Quantum Gate And Measurement Emulator
(a quantum computer simulator)
QGAME (Quantum Gate And Measurement Emulator) is a system, that allows a user to run quantum computing algorithms on an ordinary digital computer. Because quantum computers have complexity advantages over classical computers, any classical emulator will necessarily be less efficient than the quantum computer that it is emulating. QGAME nonetheless allows the user to find out what outputs the quantum program would produce, and with what probabilities (since quantum computation is in general not deterministic).
QGAME is based on the "quantum gate array" model of quantum computation, in which quantum "gates" (represented as square matrices) are applied to a register of qubits (via tensor product formation and matrix multiplication). QGAME always starts with all qubits having the value zero (in the state |00...0>), applies a sequence of gates, and returns values about the resulting state. Measurement gates cause the system to branch, following one execution path (with the appropriate quantum state collapse) for each possible value. Final measurements are made across the end-states of all of the resulting branches.
Two versions of QGAME are currently available, the original Common Lisp implementation and a new C++ library (QGAME++), written by Manuel Nickschas. A few features vary between the implementations, but the core concepts and interface syntax are consistent. The C++ library is also included in distributions of Jon Klein's Breve simulation environment.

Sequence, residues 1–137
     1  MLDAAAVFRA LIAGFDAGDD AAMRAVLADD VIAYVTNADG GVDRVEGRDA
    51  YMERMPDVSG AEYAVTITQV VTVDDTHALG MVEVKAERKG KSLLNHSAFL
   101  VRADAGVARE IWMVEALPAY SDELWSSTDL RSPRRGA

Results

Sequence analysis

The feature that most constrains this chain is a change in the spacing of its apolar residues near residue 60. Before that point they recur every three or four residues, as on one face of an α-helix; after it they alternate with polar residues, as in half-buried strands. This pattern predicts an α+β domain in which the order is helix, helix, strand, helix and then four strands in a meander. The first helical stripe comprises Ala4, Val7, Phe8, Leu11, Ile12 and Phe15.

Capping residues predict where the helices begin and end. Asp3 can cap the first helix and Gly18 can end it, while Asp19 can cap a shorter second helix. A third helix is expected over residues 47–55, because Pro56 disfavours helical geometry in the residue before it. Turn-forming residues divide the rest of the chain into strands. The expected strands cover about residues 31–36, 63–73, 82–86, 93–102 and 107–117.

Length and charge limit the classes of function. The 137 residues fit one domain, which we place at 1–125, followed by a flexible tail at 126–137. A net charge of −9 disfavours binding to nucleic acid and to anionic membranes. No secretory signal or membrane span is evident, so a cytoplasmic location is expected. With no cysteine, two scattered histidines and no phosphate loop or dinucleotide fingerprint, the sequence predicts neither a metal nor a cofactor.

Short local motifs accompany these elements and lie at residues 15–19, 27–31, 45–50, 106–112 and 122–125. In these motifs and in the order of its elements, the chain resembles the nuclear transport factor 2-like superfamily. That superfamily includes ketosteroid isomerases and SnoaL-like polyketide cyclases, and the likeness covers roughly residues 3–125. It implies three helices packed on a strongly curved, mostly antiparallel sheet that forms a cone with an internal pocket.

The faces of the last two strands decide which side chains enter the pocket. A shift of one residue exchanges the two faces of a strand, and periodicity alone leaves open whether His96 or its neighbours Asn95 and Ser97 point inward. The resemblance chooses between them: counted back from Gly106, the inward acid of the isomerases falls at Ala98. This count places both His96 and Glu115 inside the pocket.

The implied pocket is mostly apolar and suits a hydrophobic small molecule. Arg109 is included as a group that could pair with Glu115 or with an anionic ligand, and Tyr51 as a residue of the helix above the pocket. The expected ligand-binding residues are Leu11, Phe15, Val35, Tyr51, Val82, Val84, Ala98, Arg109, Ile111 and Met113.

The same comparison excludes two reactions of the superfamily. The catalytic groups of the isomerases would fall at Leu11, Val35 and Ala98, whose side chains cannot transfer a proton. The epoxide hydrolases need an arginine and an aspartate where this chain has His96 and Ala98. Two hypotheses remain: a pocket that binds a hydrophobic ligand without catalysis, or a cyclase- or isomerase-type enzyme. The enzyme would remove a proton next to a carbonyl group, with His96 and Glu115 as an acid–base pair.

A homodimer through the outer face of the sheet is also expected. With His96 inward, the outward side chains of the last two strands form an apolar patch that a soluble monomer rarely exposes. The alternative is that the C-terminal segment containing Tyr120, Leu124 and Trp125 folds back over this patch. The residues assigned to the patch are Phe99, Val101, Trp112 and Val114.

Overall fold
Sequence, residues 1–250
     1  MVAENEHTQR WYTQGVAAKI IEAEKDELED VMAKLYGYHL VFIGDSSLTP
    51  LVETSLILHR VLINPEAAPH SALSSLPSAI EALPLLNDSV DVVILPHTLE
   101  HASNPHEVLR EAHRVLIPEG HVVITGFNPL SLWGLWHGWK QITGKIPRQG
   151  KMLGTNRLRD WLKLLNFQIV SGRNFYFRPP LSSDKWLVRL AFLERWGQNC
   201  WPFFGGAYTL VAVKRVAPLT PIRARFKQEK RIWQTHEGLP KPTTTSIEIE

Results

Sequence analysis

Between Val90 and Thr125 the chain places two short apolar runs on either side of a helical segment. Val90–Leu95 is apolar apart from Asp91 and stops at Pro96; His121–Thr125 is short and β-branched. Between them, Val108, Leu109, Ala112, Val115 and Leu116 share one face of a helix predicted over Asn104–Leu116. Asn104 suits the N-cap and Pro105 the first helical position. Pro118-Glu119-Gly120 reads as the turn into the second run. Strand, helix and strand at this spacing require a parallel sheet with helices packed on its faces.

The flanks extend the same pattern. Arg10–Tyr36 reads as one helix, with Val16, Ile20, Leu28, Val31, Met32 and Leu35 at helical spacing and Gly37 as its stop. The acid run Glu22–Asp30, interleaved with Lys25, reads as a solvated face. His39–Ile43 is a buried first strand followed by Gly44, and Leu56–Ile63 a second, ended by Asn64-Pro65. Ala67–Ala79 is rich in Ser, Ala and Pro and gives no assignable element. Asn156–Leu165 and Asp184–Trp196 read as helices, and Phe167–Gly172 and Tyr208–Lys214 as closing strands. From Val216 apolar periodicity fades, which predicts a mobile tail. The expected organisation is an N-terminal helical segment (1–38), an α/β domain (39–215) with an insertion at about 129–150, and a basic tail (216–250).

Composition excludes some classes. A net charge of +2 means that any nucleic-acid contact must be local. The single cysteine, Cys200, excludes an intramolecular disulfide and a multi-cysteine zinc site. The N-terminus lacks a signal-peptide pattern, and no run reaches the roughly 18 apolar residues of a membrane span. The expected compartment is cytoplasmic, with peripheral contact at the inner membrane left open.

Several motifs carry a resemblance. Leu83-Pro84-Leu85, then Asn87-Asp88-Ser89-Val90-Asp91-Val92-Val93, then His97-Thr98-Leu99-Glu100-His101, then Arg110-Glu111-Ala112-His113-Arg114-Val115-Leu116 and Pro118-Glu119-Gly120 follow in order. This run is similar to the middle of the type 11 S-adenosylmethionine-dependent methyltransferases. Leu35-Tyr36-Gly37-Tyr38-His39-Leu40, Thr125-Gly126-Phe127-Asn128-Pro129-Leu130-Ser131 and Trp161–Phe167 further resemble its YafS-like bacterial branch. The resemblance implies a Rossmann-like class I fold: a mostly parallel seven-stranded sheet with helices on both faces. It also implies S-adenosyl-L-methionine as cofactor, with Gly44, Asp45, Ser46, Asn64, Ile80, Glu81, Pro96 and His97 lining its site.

The QGAME graphical user interface (GUI), pictured above, is a quick hack for the Common Lisp version of QGAME, intended to allow people with no knowledge of Lisp to experiment with QGAME. It uses Macintosh Common Lisp (MCL) interface code and will work only under MacOS with MCL. Not all features of QGAME are available from the GUI. One uses the GUI by typing (or pasting) a program into the "QGAME Program" dialog and clicking on the "Run" button. The amplitudes can be monitored during the run and the probabilities of finding the system in any given state at the end of the computation are printed in the "Listener" window at the end of the run. Note that the Common Lisp implement of QGAME itself is platform independent (it will run on any platform for which a Common Lisp environment is available); only the GUI requires Macintosh Common Lisp.
The most detailed description of QGAME, and of its use for automatic quantum computer programming (using the genetic programming technique), is in the book:
Spector, L. 2004. Automatic Quantum Computer Programming: A Genetic Programming Approach. Boston, MA: Kluwer Academic Publishers. (Cover and links, PDF brochure with mail/fax order form, description and online order form)
Additional version-specific documentation is included with the software downloads, either in source code comments or in separate files. For the C++ version (QGAME++), detailed documentation is also available in the QGAME++ HTML Documentation (which is also contained in the QGAME++ download, in HTML, LaTeX, and XML formats).
QGAME++ source code in C++, including documentation (by Manuel Nickschas): qgame-0.4.1.tar.gz.
The Breve simulation environment, which includes the C++ version of QGAME: see http://www.spiderland.org/breve.
QGAME source code in Common Lisp: qgame.lisp.
Additional Common Lisp code to implement MATRIX-GATE forms, gate compression, and unitarity checks: gate-compression.lisp.
QGAME graphical user interface source code (requires Macintosh Common Lisp, updated as of December 2002 for MCL 5 under Mac OS X): qgame-gui.lisp.
This project has received support from an NSF Director's Award for Distinguished Teaching Scholars (to Spector), from NSF grant EIA-0216344, and from the Defense Advanced Research Projects Agency (DARPA) and Air Force Research Laboratory, Air Force Materiel Command, USAF, under agreement number F30502-00-2-0611 (for the project "Multi-type, Self-adaptive Genetic Programming for Complex Applications").